The Shawnigan Residents Association has gone to B.C. Supreme Court to have a contaminated-soil facility in the area shut down temporarily while it seeks information about an agreement related to the operation.
The agreement involves the companies behind the facility and Active Earth Engineering, the firm that assessed it, said association president Calvin Cook.
“What’s happened is we’ve been presented with documentation — and we’re just trying to determine whether it’s authentic or not — [that] would certainly indicate there’s a partnership agreement,” Cook said.
“Unfortunately, that would put Active Earth in a conflict, in that they were supposed to be just providing the science. Those professional firms, they’re supposed to be at arm’s length.”
The soil facility, owned by Cobble Hill Holdings Ltd. and run by South Island Aggregates, can receive up to 100,000 tonnes of contaminated soil a year under terms of a permit approved by the Environmental Appeal Board. The soil is dumped in a quarry on Stebbings Road, near Shawnigan Lake.
In an email to the Times Colonist, Cobble Hill Holdings president Mike Kelly said the residents association has “misinterpreted” the document and its significance.
He said that an agreement signed in February 2013 by Cobble Hill Holdings and Active Earth came about because both parties believed the permit would be issued soon.
“However, there were no steps taken to act under that agreement,” Kelly said. “The parties simply changed their minds and the agreement was abandoned thereafter.
“Abandoned discussions regarding compensation do not compromise the professional integrity of qualified persons who are subject to ethical requirements to protect human health and the environment.”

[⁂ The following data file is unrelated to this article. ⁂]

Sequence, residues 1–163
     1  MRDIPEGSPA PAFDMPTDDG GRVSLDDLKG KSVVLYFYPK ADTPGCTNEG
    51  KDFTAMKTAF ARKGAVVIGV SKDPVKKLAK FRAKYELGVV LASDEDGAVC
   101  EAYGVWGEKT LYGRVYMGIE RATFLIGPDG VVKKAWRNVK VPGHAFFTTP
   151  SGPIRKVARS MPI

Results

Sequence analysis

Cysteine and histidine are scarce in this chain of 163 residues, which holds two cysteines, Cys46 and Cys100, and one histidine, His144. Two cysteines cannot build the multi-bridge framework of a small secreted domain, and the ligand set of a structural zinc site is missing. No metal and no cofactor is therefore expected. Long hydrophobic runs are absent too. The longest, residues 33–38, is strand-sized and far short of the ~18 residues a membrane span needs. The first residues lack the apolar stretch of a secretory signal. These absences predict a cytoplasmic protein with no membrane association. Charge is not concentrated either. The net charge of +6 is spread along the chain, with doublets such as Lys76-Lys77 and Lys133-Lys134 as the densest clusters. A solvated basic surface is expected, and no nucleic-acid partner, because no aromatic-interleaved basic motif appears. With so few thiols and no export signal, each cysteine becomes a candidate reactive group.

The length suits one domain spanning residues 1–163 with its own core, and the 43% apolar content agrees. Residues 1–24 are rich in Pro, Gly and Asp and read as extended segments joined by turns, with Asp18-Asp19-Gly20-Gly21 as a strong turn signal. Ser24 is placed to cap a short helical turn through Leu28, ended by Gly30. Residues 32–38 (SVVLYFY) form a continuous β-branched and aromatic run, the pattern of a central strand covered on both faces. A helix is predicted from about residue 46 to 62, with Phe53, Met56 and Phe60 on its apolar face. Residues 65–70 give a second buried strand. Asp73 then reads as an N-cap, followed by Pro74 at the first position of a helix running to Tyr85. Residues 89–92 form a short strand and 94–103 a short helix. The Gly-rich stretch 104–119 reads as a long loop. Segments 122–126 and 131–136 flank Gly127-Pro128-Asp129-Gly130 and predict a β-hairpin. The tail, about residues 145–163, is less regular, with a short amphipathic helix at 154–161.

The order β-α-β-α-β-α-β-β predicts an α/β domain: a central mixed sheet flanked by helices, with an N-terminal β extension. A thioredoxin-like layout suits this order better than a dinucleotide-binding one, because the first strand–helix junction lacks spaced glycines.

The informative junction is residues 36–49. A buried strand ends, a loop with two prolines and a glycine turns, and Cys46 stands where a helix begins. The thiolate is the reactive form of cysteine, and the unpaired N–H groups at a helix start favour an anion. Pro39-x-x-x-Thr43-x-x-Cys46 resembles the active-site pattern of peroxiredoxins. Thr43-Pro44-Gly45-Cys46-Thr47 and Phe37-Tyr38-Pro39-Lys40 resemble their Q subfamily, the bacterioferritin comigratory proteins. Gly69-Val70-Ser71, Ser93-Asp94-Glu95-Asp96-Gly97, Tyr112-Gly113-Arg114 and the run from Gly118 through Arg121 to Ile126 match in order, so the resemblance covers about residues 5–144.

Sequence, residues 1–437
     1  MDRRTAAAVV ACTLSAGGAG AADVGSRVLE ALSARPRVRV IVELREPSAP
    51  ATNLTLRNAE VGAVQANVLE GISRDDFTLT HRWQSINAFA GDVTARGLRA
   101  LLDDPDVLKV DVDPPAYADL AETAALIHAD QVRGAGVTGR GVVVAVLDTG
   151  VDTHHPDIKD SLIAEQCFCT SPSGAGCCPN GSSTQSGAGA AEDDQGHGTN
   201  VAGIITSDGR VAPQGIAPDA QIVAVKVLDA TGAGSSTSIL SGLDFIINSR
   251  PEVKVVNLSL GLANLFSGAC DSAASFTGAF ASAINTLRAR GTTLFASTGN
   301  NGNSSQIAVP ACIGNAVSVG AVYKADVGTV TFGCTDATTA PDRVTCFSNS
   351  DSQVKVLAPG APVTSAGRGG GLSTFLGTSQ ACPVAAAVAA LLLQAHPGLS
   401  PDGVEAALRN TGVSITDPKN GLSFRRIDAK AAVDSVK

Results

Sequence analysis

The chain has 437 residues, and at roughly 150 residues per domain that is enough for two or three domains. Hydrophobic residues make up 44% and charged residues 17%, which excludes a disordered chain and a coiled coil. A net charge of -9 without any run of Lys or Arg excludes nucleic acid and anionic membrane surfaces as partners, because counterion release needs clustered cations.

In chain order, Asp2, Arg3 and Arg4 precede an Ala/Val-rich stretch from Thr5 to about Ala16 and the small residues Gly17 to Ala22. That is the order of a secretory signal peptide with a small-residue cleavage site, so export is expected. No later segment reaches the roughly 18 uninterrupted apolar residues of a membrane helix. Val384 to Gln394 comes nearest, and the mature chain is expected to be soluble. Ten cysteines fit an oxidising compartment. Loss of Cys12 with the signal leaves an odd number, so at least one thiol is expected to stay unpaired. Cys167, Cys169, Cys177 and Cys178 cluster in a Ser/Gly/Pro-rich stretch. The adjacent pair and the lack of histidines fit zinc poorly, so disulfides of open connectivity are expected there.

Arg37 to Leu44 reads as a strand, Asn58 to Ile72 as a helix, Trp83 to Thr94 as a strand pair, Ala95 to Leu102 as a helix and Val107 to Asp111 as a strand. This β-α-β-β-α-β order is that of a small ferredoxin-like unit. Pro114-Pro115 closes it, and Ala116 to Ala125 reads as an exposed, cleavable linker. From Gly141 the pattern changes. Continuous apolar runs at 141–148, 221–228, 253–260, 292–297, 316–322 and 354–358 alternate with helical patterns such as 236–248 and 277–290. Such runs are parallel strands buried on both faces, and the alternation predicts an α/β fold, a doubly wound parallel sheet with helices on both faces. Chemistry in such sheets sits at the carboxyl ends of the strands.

The association made its court filing Thursday and has requested the original document be made available within five business days.
“In this case, documents would indicate — or certainly what I’ve been presented, they appear to be authentic — that a company was formed in 2013 between South Island Aggregates and Active Earth, structured such that they would have a joint venture and a joint 50-50 partner sharing,” Cook said.
The information came to the association from an interested individual, he said. “They were just delivered to our office in Shawnigan Lake here by somebody who I guess felt quite strongly about what was going on and was aware of these documents, and kind of went out on a limb and provided them to us.”
Kelly said it appears that what was delivered to the association had been stolen and he is investigating.
He said people at Active Earth are “qualified professionals” who act under a code of ethics. Residents have been expressing their concern about the dump site for some time, and expressed disappointment in an Environmental Appeal Board ruling in March that said the permit should stand. The association went to the B.C. Supreme Court in May with a filing that calls for a judicial review.